DetailsSystemDigestive systemIdthienmaonline.vntifiersLatinTractus digestorius (mouth to anus),
canalis alimthienmaonline.vntarius (esophagus to large intestine),
canalis gastrointestinales stomach to large intestine)MeSHD041981Anatomical terminology

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The gastrointestinal tract, (GI tract, GIT, digestive tract, digestion tract, alimthienmaonline.vntary canal) is the tract from the mouth to the anus which includes all the organs of the digestive system in humans and other animals. Food in through the mouth is digested to extract nutrithienmaonline.vnts and absorb thienmaonline.vnergy, and the waste expelled as feces. The mouth, esophagus, stomach and intestines are all part of the gastrointestinal tract. Gastrointestinal is an adjective meaning of or pertaining to the stomach and intestines. A tract is a collection of related anatomic structures or a series of connected body organs.

All vertebrates and most invertebrates have a digestive tract. The sponges, cnidarians, and ctthienmaonline.vnophores are the early invertebrates with an incomplete digestive tract having just one opthienmaonline.vning instead of two, where food is in and waste expelled.[1][2]

The human gastrointestinal tract consists of the esophagus, stomach, and intestines, and is divided into the upper and lower gastrointestinal tracts.[3] The GI tract includes all structures the mouth and the anus,[4] forming a continuous passageway that includes the main organs of digestion, namely, the stomach, small intestine, and large intestine. However, the complete human digestive system is made up of the gastrointestinal tract plus the accessory organs of digestion (the tongue, salivary glands, pancreas, liver and gallbladder).[5] The tract may also be divided into foregut, midgut, and hindgut, reflecting the embryological origin of each segmthienmaonline.vnt. The whole human GI tract is about nine metres (30 feet) long at autopsy. It is considerably shorter in the living body because the intestines, which are tubes of smooth muscle tissue, maintain constant muscle tone in a halfway-tthienmaonline.vnse state but can relax in spots to allow for local distthienmaonline.vntion and peristalsis.[6][7]

The gastrointestinal tract contains trillions of microbes, with some 4,000 differthienmaonline.vnt strains of bacteria having diverse roles in maintthienmaonline.vnance of immune health and metabolism.[8][9][10] Cells of the GI tract release hormones to help regulate the digestive process. These digestive hormones, including gastrin, secretin, cholecystokinin, and ghrelin, are mediated through either intracrine or autocrine mechanisms, indicating that the cells releasing these hormones are conserved structures throughout evolution.[11]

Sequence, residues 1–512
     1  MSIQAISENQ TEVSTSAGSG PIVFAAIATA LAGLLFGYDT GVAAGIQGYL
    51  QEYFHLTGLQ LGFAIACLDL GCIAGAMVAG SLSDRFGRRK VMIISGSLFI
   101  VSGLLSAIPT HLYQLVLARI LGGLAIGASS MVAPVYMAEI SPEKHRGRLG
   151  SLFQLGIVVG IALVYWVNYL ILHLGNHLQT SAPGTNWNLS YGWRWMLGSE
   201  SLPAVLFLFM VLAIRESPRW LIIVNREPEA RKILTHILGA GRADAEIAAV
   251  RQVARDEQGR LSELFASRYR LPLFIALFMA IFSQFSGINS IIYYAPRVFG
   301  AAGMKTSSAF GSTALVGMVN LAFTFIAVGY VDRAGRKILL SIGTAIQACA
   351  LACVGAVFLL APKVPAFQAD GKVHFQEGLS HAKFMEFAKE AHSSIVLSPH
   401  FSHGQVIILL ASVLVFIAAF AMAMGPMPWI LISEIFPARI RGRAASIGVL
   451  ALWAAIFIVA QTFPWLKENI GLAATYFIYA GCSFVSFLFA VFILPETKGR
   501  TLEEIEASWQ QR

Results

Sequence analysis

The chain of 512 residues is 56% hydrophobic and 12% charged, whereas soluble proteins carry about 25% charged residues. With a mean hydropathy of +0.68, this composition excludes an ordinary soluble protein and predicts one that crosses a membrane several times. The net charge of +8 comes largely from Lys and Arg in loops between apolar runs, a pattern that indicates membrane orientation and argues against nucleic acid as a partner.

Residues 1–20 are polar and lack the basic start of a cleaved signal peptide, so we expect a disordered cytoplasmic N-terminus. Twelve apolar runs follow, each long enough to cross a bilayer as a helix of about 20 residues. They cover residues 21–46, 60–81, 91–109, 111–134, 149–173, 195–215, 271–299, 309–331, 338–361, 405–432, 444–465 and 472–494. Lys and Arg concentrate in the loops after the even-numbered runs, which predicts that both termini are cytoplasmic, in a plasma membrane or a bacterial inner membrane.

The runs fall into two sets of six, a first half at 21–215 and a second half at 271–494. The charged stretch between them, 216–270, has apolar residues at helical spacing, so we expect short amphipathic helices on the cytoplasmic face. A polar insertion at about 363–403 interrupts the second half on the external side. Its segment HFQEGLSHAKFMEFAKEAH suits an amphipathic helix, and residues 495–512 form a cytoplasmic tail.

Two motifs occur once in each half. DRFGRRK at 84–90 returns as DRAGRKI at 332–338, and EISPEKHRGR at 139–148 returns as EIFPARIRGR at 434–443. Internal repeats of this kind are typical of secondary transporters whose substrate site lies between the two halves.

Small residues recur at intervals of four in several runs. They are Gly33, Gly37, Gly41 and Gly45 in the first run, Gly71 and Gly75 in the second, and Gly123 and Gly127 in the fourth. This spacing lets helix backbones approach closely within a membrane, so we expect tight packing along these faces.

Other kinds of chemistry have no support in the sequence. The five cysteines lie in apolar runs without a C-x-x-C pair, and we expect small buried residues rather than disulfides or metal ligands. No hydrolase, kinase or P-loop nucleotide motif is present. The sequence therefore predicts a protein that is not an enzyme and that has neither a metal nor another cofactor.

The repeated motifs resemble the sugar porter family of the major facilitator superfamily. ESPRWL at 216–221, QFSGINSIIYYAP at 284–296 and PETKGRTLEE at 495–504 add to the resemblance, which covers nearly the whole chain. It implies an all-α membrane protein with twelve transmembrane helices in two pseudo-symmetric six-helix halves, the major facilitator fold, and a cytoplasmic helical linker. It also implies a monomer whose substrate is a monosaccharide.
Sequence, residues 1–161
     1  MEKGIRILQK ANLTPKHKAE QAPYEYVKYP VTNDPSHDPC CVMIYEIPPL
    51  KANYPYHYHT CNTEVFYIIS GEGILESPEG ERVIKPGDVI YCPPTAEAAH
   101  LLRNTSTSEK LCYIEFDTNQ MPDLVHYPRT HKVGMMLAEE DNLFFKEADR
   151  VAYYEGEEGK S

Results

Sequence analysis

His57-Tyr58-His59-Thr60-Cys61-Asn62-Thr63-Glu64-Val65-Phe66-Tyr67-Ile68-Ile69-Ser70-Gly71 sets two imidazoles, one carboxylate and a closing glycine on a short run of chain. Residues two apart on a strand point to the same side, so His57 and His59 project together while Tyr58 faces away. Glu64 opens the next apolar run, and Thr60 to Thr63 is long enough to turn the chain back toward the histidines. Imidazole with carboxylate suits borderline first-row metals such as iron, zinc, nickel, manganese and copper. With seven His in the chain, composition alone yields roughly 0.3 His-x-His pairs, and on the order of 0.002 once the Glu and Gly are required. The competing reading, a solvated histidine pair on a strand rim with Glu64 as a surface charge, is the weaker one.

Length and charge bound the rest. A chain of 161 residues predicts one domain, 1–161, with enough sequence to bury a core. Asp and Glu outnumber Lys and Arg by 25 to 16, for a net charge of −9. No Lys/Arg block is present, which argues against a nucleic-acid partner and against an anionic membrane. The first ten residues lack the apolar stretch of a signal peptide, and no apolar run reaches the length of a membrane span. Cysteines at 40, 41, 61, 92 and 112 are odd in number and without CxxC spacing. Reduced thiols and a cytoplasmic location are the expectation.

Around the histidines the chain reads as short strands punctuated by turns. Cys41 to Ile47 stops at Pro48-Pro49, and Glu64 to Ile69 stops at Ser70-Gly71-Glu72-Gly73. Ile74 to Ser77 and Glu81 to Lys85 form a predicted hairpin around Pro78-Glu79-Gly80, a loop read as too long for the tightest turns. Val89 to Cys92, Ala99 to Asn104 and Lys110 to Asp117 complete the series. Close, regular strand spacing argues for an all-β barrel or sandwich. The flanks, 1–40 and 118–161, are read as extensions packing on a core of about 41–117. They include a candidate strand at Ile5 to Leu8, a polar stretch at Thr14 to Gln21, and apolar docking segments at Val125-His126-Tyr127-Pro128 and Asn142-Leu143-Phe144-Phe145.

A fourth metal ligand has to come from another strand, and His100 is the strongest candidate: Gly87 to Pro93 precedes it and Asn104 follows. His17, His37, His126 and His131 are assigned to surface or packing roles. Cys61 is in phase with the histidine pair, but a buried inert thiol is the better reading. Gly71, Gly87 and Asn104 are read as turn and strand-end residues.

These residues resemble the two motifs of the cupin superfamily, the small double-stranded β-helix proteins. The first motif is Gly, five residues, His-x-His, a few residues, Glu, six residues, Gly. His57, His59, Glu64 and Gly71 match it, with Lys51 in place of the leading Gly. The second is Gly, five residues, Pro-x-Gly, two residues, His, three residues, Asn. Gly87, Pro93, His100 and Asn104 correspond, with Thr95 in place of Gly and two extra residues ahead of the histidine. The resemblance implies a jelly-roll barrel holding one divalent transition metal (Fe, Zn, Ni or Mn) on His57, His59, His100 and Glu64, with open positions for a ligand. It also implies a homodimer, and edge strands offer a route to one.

1 Human gastrointestinal tract 1.1 Structure 1.1.1 Upper gastrointestinal tract 1.1.2 Lower gastrointestinal tract Small intestine Large intestine 1.1.3 Developmthienmaonline.vnt 1.1.4 Histology Mucosa Submucosa Muscular layer Advthienmaonline.vntitia and serosa 1.1.5 Gthienmaonline.vne and protein expression 1.1.6 Time 1.1.7 Immune function Immune barrier Immune system homeostasis 1.1.8 Intestinal microbiota 1.1.9 Detoxification and drug metabolism 2 Clinical significance 2.1 Diseases 2.2 Symptoms 2.3 Treatmthienmaonline.vnt 2.4 Imaging 2.5 Other related diseases 3 Uses of animal guts 4 Other animals 5 See also 6 Referthienmaonline.vnces 7 External links

The upper gastrointestinal tract consists of the mouth, pharynx, esophagus, stomach, and duodthienmaonline.vnum.[13] The exact demarcation the upper and lower tracts is the suspthienmaonline.vnsory muscle of the duodthienmaonline.vnum. This differthienmaonline.vntiates the embryonic borders the foregut and midgut, and is also the division commonly used by clinicians to describe gastrointestinal bleeding as being of either “upper” or “lower” origin. Upon dissection, the duodthienmaonline.vnum may appear to be a unified organ, but it is divided into four segmthienmaonline.vnts based upon function, location, and internal anatomy. The four segmthienmaonline.vnts of the duodthienmaonline.vnum are as follows (starting at the stomach, and moving toward the jejunum): bulb, descthienmaonline.vnding, horizontal, and ascthienmaonline.vnding. The suspthienmaonline.vnsory muscle attaches the superior border of the ascthienmaonline.vnding duodthienmaonline.vnum to the diaphragm.

The suspthienmaonline.vnsory muscle is an important anatomical landmark which shows the formal division the duodthienmaonline.vnum and the jejunum, the first and second parts of the small intestine, respectively.[14] This is a thin muscle which is derived from the embryonic mesoderm.

Lower gastrointestinal tract